Thursday, May 03, 2007

So what do you think about incest?

By Michael J.W. Stickings

That's a serious question, and I ask it in all seriousness. Indeed, I think everyone who cares about liberal democracy needs to take it seriously. And why is that? Because it concerns individual liberty and the restrictions the state may legitimately place on individual liberty.

In 1967, when he was still justice minister, future Canadian Prime Minister Pierre Trudeau famously said that "there's no place for the state in the bedrooms of the nation". He was answering reporters' questions about legislative revisions to the Criminal Code, and he was specifically addressing homosexuality. It is his famous line that is remembered, and often misquoted, but he also said that the legislation was meant to bring Canadian laws up to the standards of "contemporary society". And his basic argument was that "what's done in private between adults... doesn't concern the Criminal Code". It is only when behaviour is public that it is "a different matter".

But what does this mean? Is there no place for the state in the bedroom of the nation? Surely not. The state -- the liberal state, one with a rule of law that protects individual liberty -- may intervene, for example, where sexual activity is not consensual. The state may enact laws against rape, for example. The problem with Trudeau's assertion is that it implies that all private sexual acts are consensual, that is, entered into freely by both, or all, parties. That is clearly not the case. Rape and other forms of sexual abuse (although I recognize that rape is usually more about power than about sex) are the clearest cases, but what about, say, sado-masochism, or domination and submission? Can we assume that everyone who enters into such activity -- and into such relationships -- have freely consented? Surely not.

So what does this have to do with incest? As Jeff Jacoby wrote in yesterday's Boston Globe -- and I recommend that you read the entire piece -- adult incest (that is, presumably, incest between consenting adults) may soon be legal in the United States as well as in other liberal democracies -- if, to an extent, it is not already.

Legal proscriptions against incest may go back thousands of years, but this particular debate begins with the Supreme Court's ruling in a prominent case regarding sexual activity, Lawrence v. Texas. In that 2003 ruling, the Court held that laws prohibiting sodomy were unconstitutional. It was a 6-3 ruling. Writing for the minority, Justice Scalia said this: "State laws against bigamy, same-sex marriage, adult incest, prostitution, masturbation, adultery, fornication, bestiality, and obscenity are... called into question by today's decision." I rarely agree with Scalia, but he was right, in a way, about this: The Lawrence ruling was the thin end of the wedge. If sodomy is permissible -- that is, if the state has no right to prohibit it -- what else must be permissible?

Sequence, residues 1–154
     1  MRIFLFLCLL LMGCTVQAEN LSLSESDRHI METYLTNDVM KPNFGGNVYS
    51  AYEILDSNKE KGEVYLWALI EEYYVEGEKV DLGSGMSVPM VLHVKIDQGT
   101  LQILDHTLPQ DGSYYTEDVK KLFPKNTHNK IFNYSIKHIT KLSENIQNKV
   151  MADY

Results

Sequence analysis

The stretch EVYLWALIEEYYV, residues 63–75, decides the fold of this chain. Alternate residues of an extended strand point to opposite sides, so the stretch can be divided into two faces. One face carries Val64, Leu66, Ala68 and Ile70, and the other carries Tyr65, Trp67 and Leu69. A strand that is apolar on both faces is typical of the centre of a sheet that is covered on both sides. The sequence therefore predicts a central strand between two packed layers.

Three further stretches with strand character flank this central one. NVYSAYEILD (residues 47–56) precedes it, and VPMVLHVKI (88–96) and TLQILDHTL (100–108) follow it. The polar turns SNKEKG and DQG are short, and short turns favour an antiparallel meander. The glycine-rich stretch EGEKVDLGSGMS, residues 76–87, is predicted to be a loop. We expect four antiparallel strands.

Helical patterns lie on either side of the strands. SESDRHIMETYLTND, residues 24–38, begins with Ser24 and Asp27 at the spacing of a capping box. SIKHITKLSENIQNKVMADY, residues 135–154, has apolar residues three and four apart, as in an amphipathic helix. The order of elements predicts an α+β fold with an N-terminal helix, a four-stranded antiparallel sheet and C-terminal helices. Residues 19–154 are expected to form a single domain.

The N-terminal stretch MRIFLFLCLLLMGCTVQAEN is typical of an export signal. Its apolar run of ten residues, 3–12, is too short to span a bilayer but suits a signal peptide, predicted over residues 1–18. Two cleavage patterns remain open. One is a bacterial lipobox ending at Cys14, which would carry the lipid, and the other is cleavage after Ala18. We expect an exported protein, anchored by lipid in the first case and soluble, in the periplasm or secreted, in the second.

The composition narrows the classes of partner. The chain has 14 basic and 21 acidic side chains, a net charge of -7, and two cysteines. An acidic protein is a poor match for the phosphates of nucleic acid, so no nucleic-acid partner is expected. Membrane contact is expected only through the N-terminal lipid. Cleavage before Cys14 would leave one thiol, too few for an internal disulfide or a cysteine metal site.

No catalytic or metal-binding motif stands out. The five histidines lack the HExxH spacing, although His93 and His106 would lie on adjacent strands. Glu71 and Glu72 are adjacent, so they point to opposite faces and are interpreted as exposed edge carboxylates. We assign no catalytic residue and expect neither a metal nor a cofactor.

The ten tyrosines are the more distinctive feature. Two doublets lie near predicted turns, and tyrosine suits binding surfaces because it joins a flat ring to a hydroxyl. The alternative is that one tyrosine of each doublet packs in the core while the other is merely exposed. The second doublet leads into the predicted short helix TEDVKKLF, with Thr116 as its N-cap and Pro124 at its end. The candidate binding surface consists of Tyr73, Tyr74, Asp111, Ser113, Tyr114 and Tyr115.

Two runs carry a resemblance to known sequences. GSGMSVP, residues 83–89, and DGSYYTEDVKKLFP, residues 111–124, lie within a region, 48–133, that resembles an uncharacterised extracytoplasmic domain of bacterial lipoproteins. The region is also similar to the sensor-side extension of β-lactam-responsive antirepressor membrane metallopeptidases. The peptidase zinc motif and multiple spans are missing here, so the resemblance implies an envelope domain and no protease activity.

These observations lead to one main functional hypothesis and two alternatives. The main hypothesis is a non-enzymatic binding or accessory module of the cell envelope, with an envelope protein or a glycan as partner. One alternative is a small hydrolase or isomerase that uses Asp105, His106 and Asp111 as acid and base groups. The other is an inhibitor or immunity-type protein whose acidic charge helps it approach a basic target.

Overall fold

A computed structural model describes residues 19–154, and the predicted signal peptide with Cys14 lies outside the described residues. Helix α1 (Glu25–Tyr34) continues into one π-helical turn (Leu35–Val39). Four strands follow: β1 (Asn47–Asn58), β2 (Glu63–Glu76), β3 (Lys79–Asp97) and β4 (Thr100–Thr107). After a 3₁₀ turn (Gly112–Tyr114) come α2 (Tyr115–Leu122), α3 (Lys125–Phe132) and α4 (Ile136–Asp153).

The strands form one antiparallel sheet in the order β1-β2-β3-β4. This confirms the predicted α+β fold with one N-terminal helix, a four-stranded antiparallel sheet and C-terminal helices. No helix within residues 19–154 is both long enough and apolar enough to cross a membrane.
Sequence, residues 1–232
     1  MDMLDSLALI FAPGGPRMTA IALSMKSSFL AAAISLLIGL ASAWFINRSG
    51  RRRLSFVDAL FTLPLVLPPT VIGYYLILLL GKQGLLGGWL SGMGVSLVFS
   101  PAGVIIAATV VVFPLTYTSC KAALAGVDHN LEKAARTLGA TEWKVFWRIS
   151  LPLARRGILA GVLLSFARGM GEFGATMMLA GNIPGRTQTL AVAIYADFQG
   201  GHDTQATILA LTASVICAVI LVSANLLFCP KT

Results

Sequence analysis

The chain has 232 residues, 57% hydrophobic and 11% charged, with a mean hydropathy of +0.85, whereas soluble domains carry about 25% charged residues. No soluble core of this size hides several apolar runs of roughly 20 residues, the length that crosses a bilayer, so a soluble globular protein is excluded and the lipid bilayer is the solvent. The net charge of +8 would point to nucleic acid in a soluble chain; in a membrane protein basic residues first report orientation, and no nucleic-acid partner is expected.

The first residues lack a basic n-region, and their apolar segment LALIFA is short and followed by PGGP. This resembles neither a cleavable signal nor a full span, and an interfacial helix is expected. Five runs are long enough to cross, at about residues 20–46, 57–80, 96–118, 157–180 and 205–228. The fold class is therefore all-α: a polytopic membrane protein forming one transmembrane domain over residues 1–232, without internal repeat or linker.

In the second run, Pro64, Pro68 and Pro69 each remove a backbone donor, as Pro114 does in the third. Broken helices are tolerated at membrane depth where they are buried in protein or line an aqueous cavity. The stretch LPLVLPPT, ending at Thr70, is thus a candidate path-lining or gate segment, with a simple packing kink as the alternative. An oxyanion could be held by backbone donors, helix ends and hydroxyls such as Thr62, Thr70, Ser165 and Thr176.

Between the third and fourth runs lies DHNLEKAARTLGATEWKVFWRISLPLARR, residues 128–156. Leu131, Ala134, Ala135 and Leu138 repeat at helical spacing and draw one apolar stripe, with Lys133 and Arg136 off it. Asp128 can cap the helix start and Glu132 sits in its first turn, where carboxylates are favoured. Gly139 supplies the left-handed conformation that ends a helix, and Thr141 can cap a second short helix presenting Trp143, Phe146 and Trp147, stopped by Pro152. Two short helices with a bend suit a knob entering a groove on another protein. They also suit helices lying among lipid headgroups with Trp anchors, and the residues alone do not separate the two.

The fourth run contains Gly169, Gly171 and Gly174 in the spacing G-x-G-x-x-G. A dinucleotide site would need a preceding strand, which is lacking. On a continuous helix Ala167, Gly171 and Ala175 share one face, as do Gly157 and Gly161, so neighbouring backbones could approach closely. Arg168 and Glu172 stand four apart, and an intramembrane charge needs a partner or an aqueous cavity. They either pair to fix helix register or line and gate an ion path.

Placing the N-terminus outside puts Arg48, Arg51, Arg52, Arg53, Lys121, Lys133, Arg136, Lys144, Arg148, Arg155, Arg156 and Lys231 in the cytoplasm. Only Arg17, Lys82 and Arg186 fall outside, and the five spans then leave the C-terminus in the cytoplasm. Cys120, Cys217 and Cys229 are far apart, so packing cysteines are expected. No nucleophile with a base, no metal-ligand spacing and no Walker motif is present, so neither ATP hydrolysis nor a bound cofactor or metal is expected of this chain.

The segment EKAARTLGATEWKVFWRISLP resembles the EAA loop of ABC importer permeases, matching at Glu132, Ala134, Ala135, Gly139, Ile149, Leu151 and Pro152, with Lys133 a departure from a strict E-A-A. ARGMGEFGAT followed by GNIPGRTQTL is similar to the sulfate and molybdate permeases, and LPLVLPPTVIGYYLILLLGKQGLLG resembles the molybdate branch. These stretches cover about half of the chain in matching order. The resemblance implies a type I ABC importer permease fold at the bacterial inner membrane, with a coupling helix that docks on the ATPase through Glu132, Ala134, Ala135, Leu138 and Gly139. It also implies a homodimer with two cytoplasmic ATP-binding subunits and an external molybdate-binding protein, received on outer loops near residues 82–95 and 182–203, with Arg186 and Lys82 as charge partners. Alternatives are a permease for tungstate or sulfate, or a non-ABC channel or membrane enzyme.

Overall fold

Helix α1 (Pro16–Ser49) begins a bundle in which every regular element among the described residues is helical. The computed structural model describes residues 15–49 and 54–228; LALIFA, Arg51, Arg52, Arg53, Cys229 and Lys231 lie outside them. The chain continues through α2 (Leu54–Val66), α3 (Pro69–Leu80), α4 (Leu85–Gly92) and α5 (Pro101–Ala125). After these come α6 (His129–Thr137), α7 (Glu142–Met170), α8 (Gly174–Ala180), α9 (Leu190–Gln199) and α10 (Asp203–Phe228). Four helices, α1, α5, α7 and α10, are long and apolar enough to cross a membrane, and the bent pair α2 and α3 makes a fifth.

Go through Scalia's list. What do you think?

I realize I'm venturing out onto thin ice here, but I want to stress that I am addressing this matter legally and philosophically, not personally. If I think that something should be legal, it does not necessarily follow that I do or approve of that something. So: I do think that sodomy should be permissible. (After all, sodomy was just a stand-in for homosexuality. (Legalizing it meant legalizing homosexuality, although, of course, the legality applies to heterosexual activity as well.) And "permissible" isn't even the right word for it. In my understanding of individual liberty, sodomy is a right, which is to say, people (and by that I mean, of course, consenting adults) have a right to perform sodomy. I am also a staunch advocate of same-sex marriage (not just "civil unions"). I can make a case for the legalization of prostitution. And I certainly do not see any good reason for the state to ban masturbation, adultery, and fornication. Obscenity is a more complicated matter because it is public as well as private. Indeed, there are good and justifiable reasons to prohibit obscene speech in public, for example, or the showing of obscene images on the public airwaves. It all depends, however, on the meaning of "obscene," and this is, needless to say, a source of contention. For me, the bigamy, adult incest, and bestiality are far more troubling. Bestiality ought to be prohibited because it is impossible for an animal to consent to a sexual act with a human being. But what about bigamy (or polygamy) and adult incest? What if those engaging in it have consented to it? Does the state have any right to intervene? And what does it mean to "consent"? Put another way, what does it mean to be "free"?